51 for LI: Super Bowl XXXIV, Ramming The Titans
[lead align=”default”]With only 34 days remaining until Super Bowl LI in Houston, we turn our recollections to a game in Atlanta. That was Super Bowl XXXIV, the first played in the 2000s.[/lead]
The 1999 NFL season saw one team emerge as the best in the NFC: the St. Louis Rams. At 13-3, and with big-time talent on the offensive side of the ball, including Marshall Faulk, the Rams cruised through most of the season and won the conference championship. This was under the guidance of coach Dick Vermeil and quarterback Kurt Warner. The latter was a no-name player entering the 1999 season, who became an NFL great.
They did not have the best record in the NFL, however: Tom Coughlin’s Jacksonville Jaguars did. Unfortunately for the Jags, the Tennessee Titans got the best of them in the playoffs, as well as the regular season. Tennessee pulled a very notable feat in beating Jacksonville three times in one year, and this propelled them to the Super Bowl. Having Steve McNair and Eddie George helped.
Super Bowl XXXIV: The Game
Unlike several of the games to come after it the following few years, this was indeed a good Super Bowl. What at first appeared to be a St. Louis blowout win became a very intense contest in the second half.
With 7:20 to go in the third quarter, St. Louis scored the first touchdown of the game on a Warner pass to Torry Holt. At 16-0, the Rams appeared in complete control, but they were not. Just seconds remained in the third quarter when Tennessee got on the scoreboard. This was thanks to an Eddie George run on a 12th play of a Titans drive, making it 16-6. Though they did not get the two-point conversion, they did get the next touchdown thereafter. This was another short Eddie George run, and the PAT made it 16-13 with about seven minutes to go in regulation.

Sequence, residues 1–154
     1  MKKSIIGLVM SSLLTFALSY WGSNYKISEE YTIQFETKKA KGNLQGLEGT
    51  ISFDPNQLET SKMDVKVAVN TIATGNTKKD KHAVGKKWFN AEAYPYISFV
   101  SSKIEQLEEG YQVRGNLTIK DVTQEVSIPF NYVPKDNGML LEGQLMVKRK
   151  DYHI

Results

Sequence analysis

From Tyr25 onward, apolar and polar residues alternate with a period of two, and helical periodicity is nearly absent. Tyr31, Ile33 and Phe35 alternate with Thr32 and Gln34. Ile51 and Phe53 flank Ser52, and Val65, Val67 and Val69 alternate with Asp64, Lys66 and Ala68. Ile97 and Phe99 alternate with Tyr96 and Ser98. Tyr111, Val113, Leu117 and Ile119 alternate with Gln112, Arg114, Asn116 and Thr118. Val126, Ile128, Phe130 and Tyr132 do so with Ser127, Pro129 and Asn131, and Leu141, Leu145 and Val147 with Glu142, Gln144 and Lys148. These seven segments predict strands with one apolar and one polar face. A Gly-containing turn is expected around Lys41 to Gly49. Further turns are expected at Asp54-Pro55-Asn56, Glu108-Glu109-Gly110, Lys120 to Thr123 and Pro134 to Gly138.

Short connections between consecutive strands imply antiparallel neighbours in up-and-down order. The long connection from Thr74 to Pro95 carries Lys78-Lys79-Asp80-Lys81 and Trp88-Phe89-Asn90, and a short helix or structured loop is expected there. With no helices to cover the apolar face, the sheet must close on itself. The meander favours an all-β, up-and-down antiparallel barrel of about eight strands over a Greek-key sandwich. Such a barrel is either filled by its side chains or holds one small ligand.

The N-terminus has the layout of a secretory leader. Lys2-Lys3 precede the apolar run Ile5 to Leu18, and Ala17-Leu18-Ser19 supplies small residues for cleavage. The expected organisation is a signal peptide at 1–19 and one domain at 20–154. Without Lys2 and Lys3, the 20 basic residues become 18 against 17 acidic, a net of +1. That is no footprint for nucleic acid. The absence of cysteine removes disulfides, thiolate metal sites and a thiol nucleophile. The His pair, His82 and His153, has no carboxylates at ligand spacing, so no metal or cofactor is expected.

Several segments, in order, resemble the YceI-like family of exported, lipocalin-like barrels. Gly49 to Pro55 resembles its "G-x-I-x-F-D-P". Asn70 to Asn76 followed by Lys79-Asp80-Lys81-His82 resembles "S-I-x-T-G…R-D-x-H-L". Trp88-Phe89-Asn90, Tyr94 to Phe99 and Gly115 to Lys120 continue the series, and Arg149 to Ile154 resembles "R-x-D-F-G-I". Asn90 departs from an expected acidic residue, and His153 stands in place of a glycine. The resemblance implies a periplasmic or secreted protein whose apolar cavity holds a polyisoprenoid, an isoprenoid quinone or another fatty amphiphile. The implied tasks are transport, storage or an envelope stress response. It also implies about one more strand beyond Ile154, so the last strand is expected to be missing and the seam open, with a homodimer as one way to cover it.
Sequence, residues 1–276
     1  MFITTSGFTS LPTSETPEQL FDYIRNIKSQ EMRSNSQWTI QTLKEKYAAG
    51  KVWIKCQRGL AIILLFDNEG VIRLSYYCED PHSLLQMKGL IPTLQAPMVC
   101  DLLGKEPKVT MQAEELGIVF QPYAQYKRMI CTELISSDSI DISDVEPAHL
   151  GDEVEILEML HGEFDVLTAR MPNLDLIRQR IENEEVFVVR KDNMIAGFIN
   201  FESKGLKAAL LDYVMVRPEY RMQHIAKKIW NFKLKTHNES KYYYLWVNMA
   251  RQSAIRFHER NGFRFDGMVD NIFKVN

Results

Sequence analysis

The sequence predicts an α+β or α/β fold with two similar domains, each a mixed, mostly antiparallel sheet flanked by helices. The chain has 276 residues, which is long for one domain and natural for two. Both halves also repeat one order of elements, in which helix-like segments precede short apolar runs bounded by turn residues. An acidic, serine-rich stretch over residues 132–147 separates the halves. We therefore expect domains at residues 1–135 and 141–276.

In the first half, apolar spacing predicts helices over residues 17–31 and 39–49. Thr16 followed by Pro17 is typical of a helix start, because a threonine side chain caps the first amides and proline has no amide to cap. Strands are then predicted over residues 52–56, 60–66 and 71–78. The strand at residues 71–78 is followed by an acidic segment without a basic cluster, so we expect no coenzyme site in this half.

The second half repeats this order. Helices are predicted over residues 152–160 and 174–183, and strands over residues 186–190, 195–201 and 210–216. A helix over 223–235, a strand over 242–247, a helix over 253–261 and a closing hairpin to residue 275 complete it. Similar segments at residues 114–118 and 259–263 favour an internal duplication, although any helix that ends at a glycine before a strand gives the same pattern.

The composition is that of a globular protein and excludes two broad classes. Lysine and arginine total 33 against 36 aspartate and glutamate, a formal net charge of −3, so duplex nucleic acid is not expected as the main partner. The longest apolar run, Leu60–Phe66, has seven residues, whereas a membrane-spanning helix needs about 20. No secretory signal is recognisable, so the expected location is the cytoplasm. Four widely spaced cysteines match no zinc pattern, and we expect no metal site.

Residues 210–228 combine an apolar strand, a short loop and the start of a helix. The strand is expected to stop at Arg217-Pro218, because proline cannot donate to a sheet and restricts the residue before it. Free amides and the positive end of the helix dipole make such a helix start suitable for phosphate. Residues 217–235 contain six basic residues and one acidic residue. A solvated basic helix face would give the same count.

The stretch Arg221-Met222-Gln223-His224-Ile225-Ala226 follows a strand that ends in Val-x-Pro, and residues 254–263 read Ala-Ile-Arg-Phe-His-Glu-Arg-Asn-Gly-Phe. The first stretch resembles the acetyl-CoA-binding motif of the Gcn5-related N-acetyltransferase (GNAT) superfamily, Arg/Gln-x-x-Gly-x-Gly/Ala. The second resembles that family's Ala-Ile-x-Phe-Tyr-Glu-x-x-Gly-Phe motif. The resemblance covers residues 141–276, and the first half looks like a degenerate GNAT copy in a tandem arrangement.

Jeff Fisher’s defense stopped the Rams, and Tennessee got it back. Just prior to the two-minute warning, the Titans capped a short drive with a 43-yard field goal by Al Del Greco. A blowout no longer, this was a 16-16 ballgame.
Warner wasted little time striking back for St. Louis. On the first play of the ensuing possession, he found Isaac Bruce, who caught and ran for 73 yards and a go-ahead touchdown.
Super Bowl XXXIV: The Last Play
Tennessee got the ball back one more time and drove the length of the field. It looked as though the Rams’ defense was bending and breaking. Yet, only six seconds remained as Tennessee sat at the St. Louis 10. McNair had to go for the end zone.
From out of the shotgun, Steve McNair threw a pass to an open, slanting Kevin Dyson. As Dyson lunged for the end zone, Mike Jones tackled him at the one yard line, and time expired. The Rams were Super Bowl champions, and Tennessee would forever be “one yard short.”